Sure, Simson knew all the names, and knew them well. But even for the man who seems to have won every amateur title imaginable, it was the thought of having his name emblazoned in bronze at Pinehurst that sent the chill through him.

“I wouldn’t even go by the wall,” Simson said of that time. “I just wanted my name to go up there so much, I couldn’t even bring myself to look at it.”

Now, it’s up there eight times, twice on the North & South Amateur wall – in 1995 and 1996; Simson is the last man to have won back-to-back North & South championships – and now six times in the Senior North & South – 2006, 2007, 2009, 2011, 2015 and in the 65th playing of the event, in 2016.

With the 1-shot victory over Pinehurst resident Macon Moye, Simson on Thursday eclipsed 7-time North & South Amateur Champion George Dunlap, 7-time Women’s North & South Amateur Champion Estelle Lawson Page, and Carolyn Cudone, who won six Senior Women’s North & Souths and one Women’s North & South Amateur.

“Doing something special in golf is always something you strive for or hope to achieve,” Simson said. “To win a state amateur or a mid-amateur or a senior amateur, but Pinehurst being the premier golf resort in the country, to have your name up there more than anybody else is incredible.”

That says a lot coming from Simson, 65, a legend in amateur golf. He’s won more than 200 titles, and in 2010, he won the British Amateur, the Canadian Amateur and the U.S. Senior Amateur in a span of 55 days. In 2008, Simson played in the U.S. Senior Open, the U.S. Amateur at Pinehurst and the U.S. Senior Amateur.

But the possibility of winning for the eighth time at Pinehurst weighed heavily on Simson’s mind.

“I have to admit, I’m surprised I thought about it as much as I did,” he said.

Simson had to close strongly to win the championship, and did so, making birdie on the 16th and 18th holes of Pinehurst No. 5 to rally and claim the victory over Moye, who had eagled 17.

“I didn’t really think about it last night,” said Simson, a Raleigh resident. “But on the drive down here and today while I was playing, I thought about it. And sometimes it was a curse and sometimes it was a motivator.”

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Canada’s Judith Kyrinis won the Senior Women’s North & South Amateur for the second straight year. (Photo by Thomas Tooohey Brown)

Simson wasn’t the only champion on Thursday to defend his title. Canada’s Judith Kyrinis, who won the 58th Senior Women’s North & South Amateur a year ago, fired a tournament-low 69 on Pinehurst No. 1 to win by 10 shots over Amy Ellertson and Marie-Therese Torti to successfully  – and emphatically – defend her championship.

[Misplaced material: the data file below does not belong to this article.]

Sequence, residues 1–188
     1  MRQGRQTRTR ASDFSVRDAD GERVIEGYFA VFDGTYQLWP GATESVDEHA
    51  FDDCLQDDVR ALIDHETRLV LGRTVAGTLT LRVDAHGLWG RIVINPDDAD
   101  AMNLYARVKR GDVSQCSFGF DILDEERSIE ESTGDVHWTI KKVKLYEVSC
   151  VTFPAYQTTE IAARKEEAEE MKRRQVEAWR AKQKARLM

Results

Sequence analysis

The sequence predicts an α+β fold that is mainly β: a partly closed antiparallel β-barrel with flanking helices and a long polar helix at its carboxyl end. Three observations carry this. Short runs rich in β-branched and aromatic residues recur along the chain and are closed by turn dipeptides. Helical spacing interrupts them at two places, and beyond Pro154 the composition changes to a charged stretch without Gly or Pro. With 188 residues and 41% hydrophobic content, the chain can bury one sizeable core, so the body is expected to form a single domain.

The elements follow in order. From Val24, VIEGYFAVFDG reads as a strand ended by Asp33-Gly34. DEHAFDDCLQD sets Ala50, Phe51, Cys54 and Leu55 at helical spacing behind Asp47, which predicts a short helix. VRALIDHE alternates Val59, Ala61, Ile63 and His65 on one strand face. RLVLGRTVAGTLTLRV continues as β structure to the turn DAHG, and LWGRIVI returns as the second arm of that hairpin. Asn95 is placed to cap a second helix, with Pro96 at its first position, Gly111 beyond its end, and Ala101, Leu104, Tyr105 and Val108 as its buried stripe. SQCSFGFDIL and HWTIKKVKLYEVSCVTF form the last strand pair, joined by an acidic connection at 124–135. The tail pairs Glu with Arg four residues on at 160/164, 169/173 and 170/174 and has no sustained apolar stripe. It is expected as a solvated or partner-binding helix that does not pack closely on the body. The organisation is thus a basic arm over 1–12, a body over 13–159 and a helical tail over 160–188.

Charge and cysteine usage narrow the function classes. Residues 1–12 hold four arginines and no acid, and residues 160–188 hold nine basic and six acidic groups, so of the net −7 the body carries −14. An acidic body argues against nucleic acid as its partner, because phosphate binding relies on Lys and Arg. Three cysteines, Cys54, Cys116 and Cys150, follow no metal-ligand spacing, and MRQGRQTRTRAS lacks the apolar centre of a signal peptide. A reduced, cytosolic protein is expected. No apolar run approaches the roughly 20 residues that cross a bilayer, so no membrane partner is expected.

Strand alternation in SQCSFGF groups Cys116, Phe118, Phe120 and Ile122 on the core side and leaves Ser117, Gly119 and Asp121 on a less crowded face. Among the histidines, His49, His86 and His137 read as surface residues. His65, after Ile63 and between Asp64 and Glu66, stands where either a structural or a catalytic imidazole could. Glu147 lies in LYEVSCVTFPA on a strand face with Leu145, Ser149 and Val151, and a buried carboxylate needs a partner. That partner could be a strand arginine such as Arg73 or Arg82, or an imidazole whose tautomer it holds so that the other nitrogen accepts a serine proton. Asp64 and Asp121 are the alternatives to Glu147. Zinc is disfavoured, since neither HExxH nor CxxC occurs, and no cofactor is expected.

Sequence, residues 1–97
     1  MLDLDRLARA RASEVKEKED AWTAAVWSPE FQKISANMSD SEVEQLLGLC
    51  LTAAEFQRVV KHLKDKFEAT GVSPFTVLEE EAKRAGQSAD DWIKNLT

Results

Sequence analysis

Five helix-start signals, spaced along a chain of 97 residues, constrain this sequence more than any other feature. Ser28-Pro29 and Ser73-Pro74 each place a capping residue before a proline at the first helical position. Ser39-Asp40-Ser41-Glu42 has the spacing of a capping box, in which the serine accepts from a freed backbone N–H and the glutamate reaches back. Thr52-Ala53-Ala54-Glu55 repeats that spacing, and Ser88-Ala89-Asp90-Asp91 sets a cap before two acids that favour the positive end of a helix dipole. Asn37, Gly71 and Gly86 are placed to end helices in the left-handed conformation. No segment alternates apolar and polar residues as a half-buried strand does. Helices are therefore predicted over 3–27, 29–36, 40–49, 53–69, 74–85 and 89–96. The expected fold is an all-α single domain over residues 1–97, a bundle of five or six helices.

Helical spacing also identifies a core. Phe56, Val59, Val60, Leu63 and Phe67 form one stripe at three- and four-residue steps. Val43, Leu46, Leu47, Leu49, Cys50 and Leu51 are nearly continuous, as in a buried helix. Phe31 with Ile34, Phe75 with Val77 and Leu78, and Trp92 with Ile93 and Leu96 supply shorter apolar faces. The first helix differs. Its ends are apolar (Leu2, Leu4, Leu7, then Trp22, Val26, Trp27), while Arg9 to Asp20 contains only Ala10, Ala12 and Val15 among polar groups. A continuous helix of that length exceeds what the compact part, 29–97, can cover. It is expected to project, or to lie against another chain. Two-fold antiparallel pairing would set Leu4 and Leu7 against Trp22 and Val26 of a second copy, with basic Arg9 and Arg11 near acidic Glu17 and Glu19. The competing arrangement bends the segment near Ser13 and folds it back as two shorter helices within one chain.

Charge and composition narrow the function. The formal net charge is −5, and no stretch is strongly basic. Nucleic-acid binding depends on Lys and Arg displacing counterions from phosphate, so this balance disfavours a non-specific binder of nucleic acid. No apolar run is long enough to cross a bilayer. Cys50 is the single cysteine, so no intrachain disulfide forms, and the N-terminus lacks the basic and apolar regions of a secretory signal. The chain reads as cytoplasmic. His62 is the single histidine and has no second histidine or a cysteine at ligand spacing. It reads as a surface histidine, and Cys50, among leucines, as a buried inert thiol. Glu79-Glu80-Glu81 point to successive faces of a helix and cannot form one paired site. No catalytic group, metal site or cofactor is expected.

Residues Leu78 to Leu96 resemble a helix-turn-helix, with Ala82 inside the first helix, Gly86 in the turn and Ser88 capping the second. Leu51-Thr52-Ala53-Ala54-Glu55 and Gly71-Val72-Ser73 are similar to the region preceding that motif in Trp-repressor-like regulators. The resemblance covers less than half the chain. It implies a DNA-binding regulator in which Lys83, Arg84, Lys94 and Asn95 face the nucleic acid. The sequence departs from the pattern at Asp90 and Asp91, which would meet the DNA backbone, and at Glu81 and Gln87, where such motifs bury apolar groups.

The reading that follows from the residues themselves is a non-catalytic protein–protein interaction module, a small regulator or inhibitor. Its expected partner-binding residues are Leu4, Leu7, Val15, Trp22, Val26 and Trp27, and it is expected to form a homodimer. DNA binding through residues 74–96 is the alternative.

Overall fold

“I’ve had a lot of people over the last year text me and email me when they saw my name in the hallway when they visited Pinehurst,” Kyrinis said. “It really is an honor to have your name up there forever and your picture up for the year. I’m thrilled. I’m thrilled again.”

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Patty Moore won her sixth Putter Boy trophy after winning the Super Senior Women’s North & South Amateur for the third time. (Photo by Thomas Toohey Brown)

Pinehurst Country Club member Patty Moore won the Super Senior Women’s North & South by a stroke over Beatriz Arenas, winning a coveted Putter Boy trophy for the sixth time. Moore, who won the Senior Women’s North & South three times, has now won three Super Senior titles.

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Don Donatoni won the 2016 Super Senior North & South Amateur at Pinehurst Resort & Country Club. (Photo by Thomas Toohey Brown)

Don Donatoni, of Malvern, Pennsylvania, shot a 3-under 69 on Pinehurst No. 8 to win the Super Senior North & South Amateur by one shot over Logan Jackson.

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“Dead City” on Pinehurst No. 2

There is a place on Pinehurst No. 2 that legendary caddie Willie McRae calls “Dead City.”

He would know.

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Kids and Pinehurst

For more than a century, Pinehurst has welcomed even the youngest of golfers.

With the playing of the U.S. Kids Golf World Championships, we felt it would be a good time to update some of Pinehurst’s most storied vintage photographs. Great thanks to U.S. Kids Golf, photographer John Gessner, and most of all, to the incredible Tufts Archives.